'Drilling' for oil with ... nuclear weapons? The US has done it.

Here's something you might not know: The US once used nuclear weapons not to stop flows of petroleum (as was suggested for capping the BP oil spill), but to start them.

Jose-Luis Magana/Greenpeace/Reuters
A patch of oil from the BP oil spill floats on the surface of the water in Barataria Bay, Louisiana just off the Gulf of Mexico Wednesday.

THE UNITED STATES is not going to nuke the BP oil spill. That’s one option that’s off the table. Yes, the old Soviet Union did cap runaway wells by destroying them with nuclear weapons, but that’s not the American way.

That’s settled, then. But here’s something you might not know: The US once used nukes for the exact opposite purpose. In the late 1960s and early ’70s, the Atomic Energy Commission (AEC) exploded nuclear devices underground in Colorado and New Mexico, not to stop flows of petroleum, but to start them.

It’s true. Decades ago, the AEC (ancestor of today’s Department of Energy) was very big on the Plowshare Program, which studied ways of using nuclear blasts for peaceful purposes. Project Chariot, for instance, looked at using five hydrogen bombs to create a nice new 700-foot-deep artificial harbor at Cape Thompson, Alaska. Project Ditchdigger investigated the physics of using nukes to produce canals.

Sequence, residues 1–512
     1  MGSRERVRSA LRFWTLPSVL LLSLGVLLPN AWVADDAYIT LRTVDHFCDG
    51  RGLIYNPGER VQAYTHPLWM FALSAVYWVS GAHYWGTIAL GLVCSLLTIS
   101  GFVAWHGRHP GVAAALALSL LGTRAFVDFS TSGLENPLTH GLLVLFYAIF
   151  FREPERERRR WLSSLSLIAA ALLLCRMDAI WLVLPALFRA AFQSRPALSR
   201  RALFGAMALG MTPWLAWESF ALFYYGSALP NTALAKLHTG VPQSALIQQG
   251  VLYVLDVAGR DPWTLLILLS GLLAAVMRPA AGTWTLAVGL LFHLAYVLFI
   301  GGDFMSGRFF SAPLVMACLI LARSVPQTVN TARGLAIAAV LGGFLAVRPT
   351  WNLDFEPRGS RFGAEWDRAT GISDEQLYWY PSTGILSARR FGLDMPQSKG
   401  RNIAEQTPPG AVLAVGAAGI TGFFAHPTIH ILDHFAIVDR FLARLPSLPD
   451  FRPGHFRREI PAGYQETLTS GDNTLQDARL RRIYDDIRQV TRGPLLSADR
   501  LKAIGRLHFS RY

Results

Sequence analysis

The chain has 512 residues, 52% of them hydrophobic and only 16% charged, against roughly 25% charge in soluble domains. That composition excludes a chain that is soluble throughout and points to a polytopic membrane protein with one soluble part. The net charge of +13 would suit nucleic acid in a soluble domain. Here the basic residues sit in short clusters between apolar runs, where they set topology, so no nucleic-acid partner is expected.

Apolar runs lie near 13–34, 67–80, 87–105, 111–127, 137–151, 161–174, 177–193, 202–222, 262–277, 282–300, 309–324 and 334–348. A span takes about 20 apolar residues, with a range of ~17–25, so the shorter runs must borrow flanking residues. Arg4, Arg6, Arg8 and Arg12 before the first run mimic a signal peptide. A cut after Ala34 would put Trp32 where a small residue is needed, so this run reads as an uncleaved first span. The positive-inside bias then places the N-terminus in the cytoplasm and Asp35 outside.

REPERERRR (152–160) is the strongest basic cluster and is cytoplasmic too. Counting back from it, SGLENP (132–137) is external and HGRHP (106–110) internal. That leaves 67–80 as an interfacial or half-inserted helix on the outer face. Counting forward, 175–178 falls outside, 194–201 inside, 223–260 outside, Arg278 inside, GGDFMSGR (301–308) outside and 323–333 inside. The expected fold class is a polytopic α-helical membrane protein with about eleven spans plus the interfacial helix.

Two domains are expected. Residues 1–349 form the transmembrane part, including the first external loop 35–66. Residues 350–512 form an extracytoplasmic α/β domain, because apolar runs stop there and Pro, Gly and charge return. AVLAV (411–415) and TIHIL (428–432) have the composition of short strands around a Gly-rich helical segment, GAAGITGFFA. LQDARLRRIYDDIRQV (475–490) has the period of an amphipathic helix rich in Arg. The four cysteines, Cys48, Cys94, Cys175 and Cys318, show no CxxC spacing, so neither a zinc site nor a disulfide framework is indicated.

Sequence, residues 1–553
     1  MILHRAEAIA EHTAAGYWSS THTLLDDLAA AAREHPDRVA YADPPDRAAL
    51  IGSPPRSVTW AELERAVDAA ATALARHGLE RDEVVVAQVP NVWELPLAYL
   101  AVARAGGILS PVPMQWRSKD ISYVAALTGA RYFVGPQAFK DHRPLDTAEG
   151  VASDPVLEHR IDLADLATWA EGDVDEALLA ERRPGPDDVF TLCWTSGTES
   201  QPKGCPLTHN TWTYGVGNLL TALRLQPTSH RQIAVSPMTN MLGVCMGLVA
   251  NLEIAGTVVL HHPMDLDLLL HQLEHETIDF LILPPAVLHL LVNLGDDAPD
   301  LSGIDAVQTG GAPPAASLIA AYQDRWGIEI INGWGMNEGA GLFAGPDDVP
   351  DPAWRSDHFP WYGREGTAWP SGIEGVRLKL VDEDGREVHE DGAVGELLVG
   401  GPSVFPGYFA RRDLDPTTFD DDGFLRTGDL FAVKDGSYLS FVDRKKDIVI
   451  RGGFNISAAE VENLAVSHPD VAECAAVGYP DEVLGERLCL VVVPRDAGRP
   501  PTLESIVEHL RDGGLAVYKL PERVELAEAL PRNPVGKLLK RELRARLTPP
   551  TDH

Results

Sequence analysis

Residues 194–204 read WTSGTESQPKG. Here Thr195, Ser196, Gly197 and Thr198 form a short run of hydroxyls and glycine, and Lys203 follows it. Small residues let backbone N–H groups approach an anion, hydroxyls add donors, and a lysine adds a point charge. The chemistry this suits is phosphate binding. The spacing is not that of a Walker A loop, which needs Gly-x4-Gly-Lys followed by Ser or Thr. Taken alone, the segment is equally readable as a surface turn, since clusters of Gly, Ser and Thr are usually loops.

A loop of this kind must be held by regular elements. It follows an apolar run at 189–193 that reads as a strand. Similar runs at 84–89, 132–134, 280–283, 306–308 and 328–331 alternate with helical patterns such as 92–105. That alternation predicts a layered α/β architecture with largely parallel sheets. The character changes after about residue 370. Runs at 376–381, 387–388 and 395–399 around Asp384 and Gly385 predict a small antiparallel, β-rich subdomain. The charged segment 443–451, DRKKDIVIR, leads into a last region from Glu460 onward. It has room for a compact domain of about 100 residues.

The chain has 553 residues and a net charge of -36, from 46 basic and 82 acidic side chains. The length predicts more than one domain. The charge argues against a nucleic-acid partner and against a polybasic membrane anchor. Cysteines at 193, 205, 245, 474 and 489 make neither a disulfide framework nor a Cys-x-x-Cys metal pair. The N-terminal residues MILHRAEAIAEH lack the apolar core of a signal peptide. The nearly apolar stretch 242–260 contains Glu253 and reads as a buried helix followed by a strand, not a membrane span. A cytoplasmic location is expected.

IN PICTURES: The Gulf oil spill's impact on nature

But it turned out that the most promising peaceful use of nuclear explosions was for the stimulation of natural-gas production.

The idea was that underground nukes could blow big cavities in so-called “tight” natural-gas fields in the western US, which would make it easier to pump the gas out. Over the years, the US conducted three nuclear experiments to see if this theory actually worked.

One, in 1967, was near Farm­ington, N.M. The second was in 1969, near Grand Valley, Colo. The last was in 1973, near Grand Junction, Colo., and it was a biggie, involving three devices.

These tests did produce recoverable gas. But it cost way more to blow up the nuclear device than the gas was worth, and residents were leery about the possibility of radiation release.

“Although the technology was demonstrated to be technically feasible, it could not be proved that national energy needs justified the elaborate procedures that would be required,” concludes a Department of Energy history of the project.

The Plowshare Program came to an end in 1975.


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